“The World of Nineteen Eighty-Four ended in 1989,” historian Timothy Garton-Ash declared optimistically in 2001. Communism, fascism and European imperialism “were all either dead or mortally weakened. Forty years after his own painful and early death, Orwell had won.”

If only. Orwell’s portrait of a world in which the truth is irrelevant and the powerful rewrite the past is, regrettably, not at all out of date. “I hesitate to say that Nineteen Eighty-Four is more relevant than ever,” British journalist Dorian Lynskey writes in his alarming exegesis of the novel’s significance and enduring impact, “but it’s a damn sight more relevant than it should be.” Indeed, the most powerful pages of “The Ministry of Truth” quote Orwell in the 1940s describing a state of public affairs all too familiar today.

While he was engaged in the Spanish Civil War, Orwell wrote in 1942 that he saw “history being written not in terms of what happened but of what ought to have happened according to various ‘party lines.’ ” When this occurs, he wrote, “the general uncertainty as to what is really happening makes it easier to cling to lunatic beliefs.” In a 1945 essay, he bleakly concluded about such beliefs: “To attempt to counter them with facts and statistics is useless.”

These cautionary words echo throughout Lynskey’s text. Part One explores the political and intellectual experiences that formed Orwell’s worldview. Lynskey briefly recaps his life, paying particular attention to Orwell’s six months in Spain, where he had gone to fight fascism but encountered equal ruthlessness and dishonesty in Stalin’s communists.

Orwell went home a staunch member of the anti-communist left, unalterably opposed to imperialism and fascism but committed to calling out lies on all sides. The left-wing publishers who refused to print “Homage to Catalonia” or his essays about Spain — because, they argued, the truth could be used as fascist propaganda — in his view had failed a moral test. “For Orwell, the truth mattered even, or perhaps especially, when it was inconvenient,” Lynskey writes.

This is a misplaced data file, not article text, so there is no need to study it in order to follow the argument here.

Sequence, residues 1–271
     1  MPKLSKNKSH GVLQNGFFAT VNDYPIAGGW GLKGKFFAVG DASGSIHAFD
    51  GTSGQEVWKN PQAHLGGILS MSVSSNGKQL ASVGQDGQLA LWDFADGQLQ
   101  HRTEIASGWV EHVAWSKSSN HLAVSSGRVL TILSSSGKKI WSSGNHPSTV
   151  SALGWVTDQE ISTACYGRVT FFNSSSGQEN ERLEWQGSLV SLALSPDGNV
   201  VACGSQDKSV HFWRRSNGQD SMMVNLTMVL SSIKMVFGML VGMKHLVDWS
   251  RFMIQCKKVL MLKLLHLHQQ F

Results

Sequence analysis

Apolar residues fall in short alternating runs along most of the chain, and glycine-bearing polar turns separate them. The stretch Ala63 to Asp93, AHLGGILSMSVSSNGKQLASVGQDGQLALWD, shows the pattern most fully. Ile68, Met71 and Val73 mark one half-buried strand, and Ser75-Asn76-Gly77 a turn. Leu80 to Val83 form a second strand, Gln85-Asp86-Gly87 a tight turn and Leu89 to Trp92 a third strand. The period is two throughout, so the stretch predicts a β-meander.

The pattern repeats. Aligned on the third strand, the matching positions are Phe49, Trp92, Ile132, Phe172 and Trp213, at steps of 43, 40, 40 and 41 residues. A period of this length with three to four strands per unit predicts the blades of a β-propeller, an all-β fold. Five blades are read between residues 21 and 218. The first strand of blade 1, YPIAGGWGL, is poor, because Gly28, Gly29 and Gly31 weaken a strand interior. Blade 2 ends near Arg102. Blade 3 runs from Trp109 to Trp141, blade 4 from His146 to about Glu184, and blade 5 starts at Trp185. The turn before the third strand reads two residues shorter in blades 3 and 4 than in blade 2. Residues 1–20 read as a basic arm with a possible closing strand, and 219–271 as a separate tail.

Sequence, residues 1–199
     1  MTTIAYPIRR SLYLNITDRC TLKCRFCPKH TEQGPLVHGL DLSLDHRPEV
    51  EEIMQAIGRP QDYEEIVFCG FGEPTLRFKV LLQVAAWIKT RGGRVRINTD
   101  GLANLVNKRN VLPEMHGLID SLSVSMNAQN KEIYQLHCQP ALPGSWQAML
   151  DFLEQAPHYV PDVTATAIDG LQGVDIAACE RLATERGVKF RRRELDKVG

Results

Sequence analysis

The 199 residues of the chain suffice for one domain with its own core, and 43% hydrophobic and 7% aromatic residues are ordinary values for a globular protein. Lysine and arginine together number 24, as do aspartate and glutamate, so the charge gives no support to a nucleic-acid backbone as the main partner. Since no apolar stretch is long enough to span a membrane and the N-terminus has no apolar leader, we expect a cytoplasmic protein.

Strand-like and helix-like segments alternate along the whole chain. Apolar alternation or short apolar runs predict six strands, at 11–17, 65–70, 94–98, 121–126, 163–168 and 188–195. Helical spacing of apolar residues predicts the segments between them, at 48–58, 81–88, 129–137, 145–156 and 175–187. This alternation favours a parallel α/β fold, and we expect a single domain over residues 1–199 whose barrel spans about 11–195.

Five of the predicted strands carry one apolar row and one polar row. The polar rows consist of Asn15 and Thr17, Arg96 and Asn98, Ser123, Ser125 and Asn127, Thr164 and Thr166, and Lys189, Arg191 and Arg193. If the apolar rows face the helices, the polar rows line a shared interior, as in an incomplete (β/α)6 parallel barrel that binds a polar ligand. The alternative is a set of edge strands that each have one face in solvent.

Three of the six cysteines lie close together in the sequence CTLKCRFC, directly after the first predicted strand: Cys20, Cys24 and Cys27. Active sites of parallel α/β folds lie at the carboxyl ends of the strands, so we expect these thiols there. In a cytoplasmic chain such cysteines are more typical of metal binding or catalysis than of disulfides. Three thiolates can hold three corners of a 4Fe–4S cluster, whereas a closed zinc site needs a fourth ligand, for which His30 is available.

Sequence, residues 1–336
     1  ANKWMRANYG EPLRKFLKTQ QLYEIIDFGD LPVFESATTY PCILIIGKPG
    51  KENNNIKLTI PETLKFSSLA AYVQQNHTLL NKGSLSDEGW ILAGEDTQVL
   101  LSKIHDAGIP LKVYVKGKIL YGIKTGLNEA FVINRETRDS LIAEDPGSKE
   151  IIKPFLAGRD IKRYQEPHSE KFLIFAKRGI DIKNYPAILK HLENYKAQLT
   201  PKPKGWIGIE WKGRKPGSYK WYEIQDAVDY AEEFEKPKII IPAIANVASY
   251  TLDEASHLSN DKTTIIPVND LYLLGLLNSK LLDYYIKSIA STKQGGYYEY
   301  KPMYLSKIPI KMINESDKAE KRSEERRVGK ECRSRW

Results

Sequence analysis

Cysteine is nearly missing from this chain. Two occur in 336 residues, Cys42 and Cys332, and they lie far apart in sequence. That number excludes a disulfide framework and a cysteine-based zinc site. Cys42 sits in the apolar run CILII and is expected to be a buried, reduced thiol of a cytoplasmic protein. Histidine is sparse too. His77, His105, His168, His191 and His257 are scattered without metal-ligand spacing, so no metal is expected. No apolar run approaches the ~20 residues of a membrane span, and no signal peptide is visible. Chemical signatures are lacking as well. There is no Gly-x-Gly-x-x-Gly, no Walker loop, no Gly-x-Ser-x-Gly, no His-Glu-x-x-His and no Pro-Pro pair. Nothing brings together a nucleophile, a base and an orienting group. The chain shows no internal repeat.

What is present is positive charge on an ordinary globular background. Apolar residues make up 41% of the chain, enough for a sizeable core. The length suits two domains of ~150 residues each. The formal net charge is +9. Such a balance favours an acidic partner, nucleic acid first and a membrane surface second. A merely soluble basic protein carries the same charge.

“Animal Farm,” published in 1945, was Orwell’s opening fictional salvo in his battle for inconvenient truths, an allegory that suggests how the tyrannical one-party state Oceania in “1984” came into being. “Animal Farm” also marked the beginning of Orwell’s appropriation by conservatives, whom he was forced to keep reminding that he was a socialist. “1984” moved beyond satire of the Soviet Union to make a broader, more unsettling point.

In his outline for the novel, Orwell described the mood he wanted to create as, “the nightmare feeling caused by the disappearance of objective truth.” Nazi Germany and the Soviet Union were pioneers in this sort of campaign against reality, but Lynskey argues persuasively that Orwell knew that they would not lack successors. “Totalitarianism, if not fought against, could triumph anywhere,” Orwell wrote shortly after “1984” was published in 1949.

He died less than a year later, leaving his most famous book to be interpreted by others. Part Two of “The Ministry of Truth” addresses “the political and cultural life of Nineteen Eighty-Four” since Orwell’s death, in scattershot fashion. The problem isn’t Lynskey’s judgments, which are generally sound, but the rambling way he develops them and the odd tangents he wanders into. A generally capable, if abbreviated, account of the novel’s influence in the 1950s, when it was narrowly seen as a warning against Soviet-style totalitarianism, contains a detour into “Orwell’s genius for snappy neologisms” and a belated, strained defense of the list of Soviet sympathizers Orwell gave to the British government’s controversial Information Research Department in 1949.

Lynskey leaps from the Cold War to “1984” in the 1970s, which muddies some interesting analysis of Orwell’s reclamation by the left with a bewilderingly excessive amount of material about “Diamond Dogs.” David Bowie’s album may include material from an aborted opera of “1984,” but it doesn’t deserve more space than Terry Gilliam’s neo-Orwellian masterpiece “Brazil” or Margaret Atwood’s chilling feminist variant, “The Handmaid’s Tale.” Part Two is a mess; it reads like a magazine article that grew but never matured into a coherent overview of the shifting ramifications of Orwell’s most famous novel.

Lynskey redeems himself in his final chapter, “Oceania 2.0.” He builds on his central focus throughout the text — Orwell’s forecast of a world where objective truth does not exist — to paint a portrait of the “toxic cocktail of cynicism and credulity” with which too many people today dismiss what they don’t want to hear as “fake news” and embrace “alternative facts” that buttress their convictions. We can’t blame Russian trolls for the 2016 election, he comments grimly: The “architects of dezinformatsiya found that they were pushing at an open door.”

Despite its faults, Lynskey’s jeremiad remains valuable and terrifying for the blistering spotlight it shines on Orwell’s overriding purpose, defined in its title, “The Ministry of Truth.” It closes, ringing and goading, with Orwell’s exhortation when asked what moral should be drawn from “1984”: “Don’t let it happen. It depends on you.”

Wendy Smith is the author of “Real Life Drama: The Group Theatre and America, 1931-1940.”

The Ministry of Truth

The Biography of George Orwell's 1984

By Dorian Lynskey.

368 pp. $28.95